Jun 28, 2012, 8:14 AM EDT
Everyone I spoke to about David Beckham and the Great Britain’s Olympic team said I was nuts for suggesting that he might not be named to it.
“England! Beckham! The Olympics! They are practically synonymous,” they protested.
But I had a theory. I wondered if this very thing might happen: Beckham was left off Team Great Britain’s roster today.
I understand how politics is like thick smoke from the next room; try as we might try to thwart its movement, the stuff seeps in relentlessly, under the door cracks and through the air vents.
So, I always allowed for a big possibility that Beckham would, indeed, land on the Stuart Pearce’s Olympic roster for Team Great Britain – even if his performance this year for the Los Angeles Galaxy was less that truly deserving.
“But what about this …” I asked?
What if Pearce actually wanted Beckham on the team, for all the politics involved but also for his leadership, for his set piece ability and for his ceremonial presence? England (and Great Britain by extension) is all about history and ceremony.
But what if Pearce decided that in the long run he wouldn’t be doing Beckham any favors by listing his name on the roster? What if he’s saving Beckham from himself?
Beckham desperately wanted a place, of course. But this is a young man’s tournament. (Every roster is a collection of “under-23” players, with three over-aged exceptions.) Beckham is 37 now and, like the rest of us, he’s not getting any younger.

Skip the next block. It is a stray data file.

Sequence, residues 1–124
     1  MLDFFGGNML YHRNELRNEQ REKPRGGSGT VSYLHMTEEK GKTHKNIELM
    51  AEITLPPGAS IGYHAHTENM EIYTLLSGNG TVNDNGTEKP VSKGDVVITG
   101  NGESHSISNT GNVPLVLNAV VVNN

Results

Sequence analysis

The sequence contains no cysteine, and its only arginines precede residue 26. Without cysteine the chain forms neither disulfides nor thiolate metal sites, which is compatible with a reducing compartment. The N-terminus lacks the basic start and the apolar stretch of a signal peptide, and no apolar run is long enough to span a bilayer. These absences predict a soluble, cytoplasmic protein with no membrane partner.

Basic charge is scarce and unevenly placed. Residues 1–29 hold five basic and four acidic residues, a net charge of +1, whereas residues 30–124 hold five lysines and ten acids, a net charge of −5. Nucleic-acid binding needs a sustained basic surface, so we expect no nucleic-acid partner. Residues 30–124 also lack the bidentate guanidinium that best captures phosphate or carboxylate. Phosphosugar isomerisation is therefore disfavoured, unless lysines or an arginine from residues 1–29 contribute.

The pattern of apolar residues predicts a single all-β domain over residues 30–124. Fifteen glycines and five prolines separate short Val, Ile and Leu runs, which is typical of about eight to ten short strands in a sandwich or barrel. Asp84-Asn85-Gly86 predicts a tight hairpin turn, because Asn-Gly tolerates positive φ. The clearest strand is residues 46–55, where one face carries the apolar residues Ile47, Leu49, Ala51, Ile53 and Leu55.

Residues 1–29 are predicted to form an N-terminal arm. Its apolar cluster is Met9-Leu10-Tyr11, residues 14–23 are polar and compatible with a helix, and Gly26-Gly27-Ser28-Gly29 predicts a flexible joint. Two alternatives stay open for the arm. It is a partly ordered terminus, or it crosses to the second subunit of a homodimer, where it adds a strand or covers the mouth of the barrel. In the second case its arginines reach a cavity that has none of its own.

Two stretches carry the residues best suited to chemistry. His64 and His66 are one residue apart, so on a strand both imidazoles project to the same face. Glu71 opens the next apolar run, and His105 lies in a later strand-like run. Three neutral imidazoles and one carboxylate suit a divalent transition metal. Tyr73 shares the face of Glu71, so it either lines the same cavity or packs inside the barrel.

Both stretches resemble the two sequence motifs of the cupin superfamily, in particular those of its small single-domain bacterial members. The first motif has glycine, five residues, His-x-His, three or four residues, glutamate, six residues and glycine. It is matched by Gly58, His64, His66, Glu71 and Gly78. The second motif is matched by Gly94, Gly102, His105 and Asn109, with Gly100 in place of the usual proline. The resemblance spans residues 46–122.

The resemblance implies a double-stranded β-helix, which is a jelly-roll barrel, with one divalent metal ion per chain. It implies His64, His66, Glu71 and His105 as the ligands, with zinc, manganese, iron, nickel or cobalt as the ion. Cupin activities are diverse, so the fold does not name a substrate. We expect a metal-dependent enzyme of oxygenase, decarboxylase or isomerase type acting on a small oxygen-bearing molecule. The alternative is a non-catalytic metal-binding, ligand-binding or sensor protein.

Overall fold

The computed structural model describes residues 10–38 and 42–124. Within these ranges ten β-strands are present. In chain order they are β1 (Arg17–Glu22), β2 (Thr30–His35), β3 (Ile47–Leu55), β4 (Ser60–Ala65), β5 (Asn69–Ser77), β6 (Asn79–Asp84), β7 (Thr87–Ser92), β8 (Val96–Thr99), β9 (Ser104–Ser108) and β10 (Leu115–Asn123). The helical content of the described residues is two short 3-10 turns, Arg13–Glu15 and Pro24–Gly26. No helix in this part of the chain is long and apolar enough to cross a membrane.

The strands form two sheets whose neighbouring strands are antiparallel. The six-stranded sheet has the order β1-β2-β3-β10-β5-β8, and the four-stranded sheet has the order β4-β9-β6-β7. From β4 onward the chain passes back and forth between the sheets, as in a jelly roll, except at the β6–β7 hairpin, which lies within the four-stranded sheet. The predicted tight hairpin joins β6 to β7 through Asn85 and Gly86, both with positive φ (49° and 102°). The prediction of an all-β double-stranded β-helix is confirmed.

My guess: there won’t be any 37-year-olds playing in the field (i.e., not a goalkeeper) in the Olympic tournament. There’s a reason.
What if Pearce watched Beckham here in the States and then considered what the flower of English soccer might look like on the low-cut fields of England, Wales and Scotland, surrounded by hot-footed 20- and 21-year-olds? There’s a chance a 37-year-old could really stand out – and not in a good way.
What if Pearce decided Beckham’s legacy wasn’t worth jeopardizing in this way? Because it really could have turned into a bad moment for an man who is practically royalty there.
Again, it’s all just a theory.
It may be nothing of the sort. Perhaps Pearce simply decided the team’s best chance to claim glory in the Summer Olympic Games on its very soil involved 23 players who aren’t David Beckham. Based on the way Beckham (and the Galaxy team around him) was performing back in the spring when Pearce came for personal observation, that wouldn’t be wholly surprising.
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